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Government bans plastic stirrers and display of plastic straws
From: Packaging News

Environment Secretary Michael Gove has announced new controls on plastic straws, drinks stirrers, and plastic stemmed cotton buds in England.

Following an open consultation, a ban on the supply of those items will come into force in April 2020. However, it will include exemptions to ensure that those with medical needs or a disability are able to continue to access plastic straws.

The government’s response to the consultation published today (May 22) reveals over 80% of respondents back a ban on the distribution and sale of plastic straws, 90% a ban on drinks stirrers, and 89% a ban on cotton buds.

Registered pharmacies will be allowed to sell plastic straws over the counter or online. Catering establishments such as restaurants, pubs and bars will not be able to display plastic straws or automatically hand them out, but they will be able to provide them on request. An exemption will also be in place to allow the use of plastic-stemmed cotton buds for medical and scientific purposes, where these are often the only practical option.

The government believes this strikes the right balance between reducing environmental impact while protecting the rights of people with medical conditions and disabilities. The government will carry out a stocktake after one year to assess the impact of these measures and whether the balance is correct.

Environment Secretary Michael Gove said: “Urgent and decisive action is needed to tackle plastic pollution and protect our environment. These items are often used for just a few minutes but take hundreds of years to break down, ending up in our seas and oceans and harming precious marine life.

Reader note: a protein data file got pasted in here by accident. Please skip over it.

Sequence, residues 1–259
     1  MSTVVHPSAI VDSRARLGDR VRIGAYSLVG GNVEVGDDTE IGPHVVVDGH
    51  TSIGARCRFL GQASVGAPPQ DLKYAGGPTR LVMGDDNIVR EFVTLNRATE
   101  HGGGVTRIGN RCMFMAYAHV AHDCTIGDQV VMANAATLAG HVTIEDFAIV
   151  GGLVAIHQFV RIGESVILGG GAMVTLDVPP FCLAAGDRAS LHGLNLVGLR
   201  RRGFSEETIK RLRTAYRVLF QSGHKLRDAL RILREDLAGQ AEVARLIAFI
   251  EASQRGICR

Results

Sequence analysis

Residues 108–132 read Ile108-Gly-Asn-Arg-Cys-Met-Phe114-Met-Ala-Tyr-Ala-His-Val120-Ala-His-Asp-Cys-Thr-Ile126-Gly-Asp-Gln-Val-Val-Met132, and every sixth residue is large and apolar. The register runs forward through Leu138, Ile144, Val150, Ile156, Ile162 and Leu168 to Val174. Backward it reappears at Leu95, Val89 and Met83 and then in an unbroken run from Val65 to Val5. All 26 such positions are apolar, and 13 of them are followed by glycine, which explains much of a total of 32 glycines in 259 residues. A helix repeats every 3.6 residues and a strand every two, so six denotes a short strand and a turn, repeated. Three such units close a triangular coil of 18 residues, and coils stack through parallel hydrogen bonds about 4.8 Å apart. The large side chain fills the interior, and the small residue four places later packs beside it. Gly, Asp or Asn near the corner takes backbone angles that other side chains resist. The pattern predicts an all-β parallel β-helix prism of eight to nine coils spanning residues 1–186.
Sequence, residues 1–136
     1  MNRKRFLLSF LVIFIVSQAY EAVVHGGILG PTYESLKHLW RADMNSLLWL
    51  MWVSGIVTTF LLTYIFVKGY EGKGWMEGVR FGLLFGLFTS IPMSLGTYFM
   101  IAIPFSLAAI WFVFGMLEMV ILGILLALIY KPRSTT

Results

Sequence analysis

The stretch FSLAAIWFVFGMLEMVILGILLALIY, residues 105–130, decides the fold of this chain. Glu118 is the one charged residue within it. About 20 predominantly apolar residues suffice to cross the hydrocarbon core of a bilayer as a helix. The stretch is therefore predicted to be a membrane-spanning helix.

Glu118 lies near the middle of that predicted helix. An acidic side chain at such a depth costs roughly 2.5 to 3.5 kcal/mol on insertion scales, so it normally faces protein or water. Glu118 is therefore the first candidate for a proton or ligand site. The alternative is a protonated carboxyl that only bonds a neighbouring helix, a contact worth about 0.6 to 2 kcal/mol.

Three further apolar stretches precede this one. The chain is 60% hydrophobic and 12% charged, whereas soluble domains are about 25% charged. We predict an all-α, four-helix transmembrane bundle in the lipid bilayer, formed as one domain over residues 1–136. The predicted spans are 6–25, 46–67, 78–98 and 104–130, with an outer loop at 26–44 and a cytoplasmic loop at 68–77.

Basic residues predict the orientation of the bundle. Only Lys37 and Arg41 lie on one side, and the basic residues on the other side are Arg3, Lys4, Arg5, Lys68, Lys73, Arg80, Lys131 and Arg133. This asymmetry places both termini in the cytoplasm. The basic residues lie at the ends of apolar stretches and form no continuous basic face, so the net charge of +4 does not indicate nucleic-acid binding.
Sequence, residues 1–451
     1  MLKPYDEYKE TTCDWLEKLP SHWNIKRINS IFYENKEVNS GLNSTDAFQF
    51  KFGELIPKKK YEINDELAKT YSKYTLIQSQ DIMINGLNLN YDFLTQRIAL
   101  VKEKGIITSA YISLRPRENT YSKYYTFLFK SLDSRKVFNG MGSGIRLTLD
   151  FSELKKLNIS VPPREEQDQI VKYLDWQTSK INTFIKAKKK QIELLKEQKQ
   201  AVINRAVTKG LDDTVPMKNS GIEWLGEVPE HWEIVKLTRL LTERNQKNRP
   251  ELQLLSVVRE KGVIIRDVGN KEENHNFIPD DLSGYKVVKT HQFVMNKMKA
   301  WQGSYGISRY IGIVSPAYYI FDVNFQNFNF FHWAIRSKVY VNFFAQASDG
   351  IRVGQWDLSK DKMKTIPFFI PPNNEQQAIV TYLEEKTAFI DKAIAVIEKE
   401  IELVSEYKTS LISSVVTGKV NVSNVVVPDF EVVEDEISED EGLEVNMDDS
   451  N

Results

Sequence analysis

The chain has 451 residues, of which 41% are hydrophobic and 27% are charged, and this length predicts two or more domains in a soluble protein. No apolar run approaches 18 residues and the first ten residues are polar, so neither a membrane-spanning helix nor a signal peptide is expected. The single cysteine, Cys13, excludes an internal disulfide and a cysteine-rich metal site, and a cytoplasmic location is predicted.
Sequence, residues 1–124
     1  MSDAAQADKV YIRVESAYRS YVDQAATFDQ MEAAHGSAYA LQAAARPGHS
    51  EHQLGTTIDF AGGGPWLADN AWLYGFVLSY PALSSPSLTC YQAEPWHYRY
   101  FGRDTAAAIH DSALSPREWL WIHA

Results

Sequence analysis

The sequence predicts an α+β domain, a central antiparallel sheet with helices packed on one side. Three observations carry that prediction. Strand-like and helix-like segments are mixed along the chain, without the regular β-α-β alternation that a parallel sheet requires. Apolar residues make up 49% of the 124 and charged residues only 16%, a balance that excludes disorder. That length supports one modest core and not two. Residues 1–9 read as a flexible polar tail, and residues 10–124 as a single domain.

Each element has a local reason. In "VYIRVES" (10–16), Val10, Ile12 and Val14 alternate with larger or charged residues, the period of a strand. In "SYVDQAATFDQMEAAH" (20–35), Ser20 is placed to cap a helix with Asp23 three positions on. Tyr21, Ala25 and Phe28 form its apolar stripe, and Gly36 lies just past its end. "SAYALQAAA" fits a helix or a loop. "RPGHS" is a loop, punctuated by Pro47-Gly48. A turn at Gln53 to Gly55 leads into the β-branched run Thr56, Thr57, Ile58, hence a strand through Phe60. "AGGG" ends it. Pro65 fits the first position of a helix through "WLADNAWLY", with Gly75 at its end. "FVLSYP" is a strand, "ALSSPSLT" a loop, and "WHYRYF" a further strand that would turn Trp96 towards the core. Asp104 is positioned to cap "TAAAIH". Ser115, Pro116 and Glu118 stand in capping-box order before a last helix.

“So today I am taking action to turn the tide on plastic pollution, and ensure we leave our environment in a better state for future generations.”

Earlier this year, the government launched a consultation on a plastic packaging tax which does not contain a minimum of 30% recycled content from April 2022.

The British Plastic Federation (BPF) said it supports such measures, whether the items are made of plastic or any other material. In a statement it said: “The BPF strongly supports reduction measures that ensure that straws, cotton buds and stirrers are only used when strictly necessary and that allow those who really benefit from particular items to retain access to them. Regardless of the material straws, cotton buds or stirrers are made from, they have an environmental cost and need to be disposed of responsibly.”

Campaign to Protect Rural England (CPRE), however, doesn’t think the government’s announcement goes far enough. Maddy Haughton-Boakes, CPRE’s Litter Campaigner, said: “While it is fantastic news that the government has taken such decisive action over plastic straws, stirrers, and cotton buds, we are deeply disappointed that Michael Gove hasn’t taken this opportunity to ban these unnecessary items all together, whatever the material. It’s simply not good enough to switch to so-called “alternatives”, when single-use items should be phased out altogether.

“Without an outright ban, manufacturers will continue to produce them in other “less harmful” materials, while our countryside and environment continues to face the devastating consequences of the vast amounts of waste they create.”

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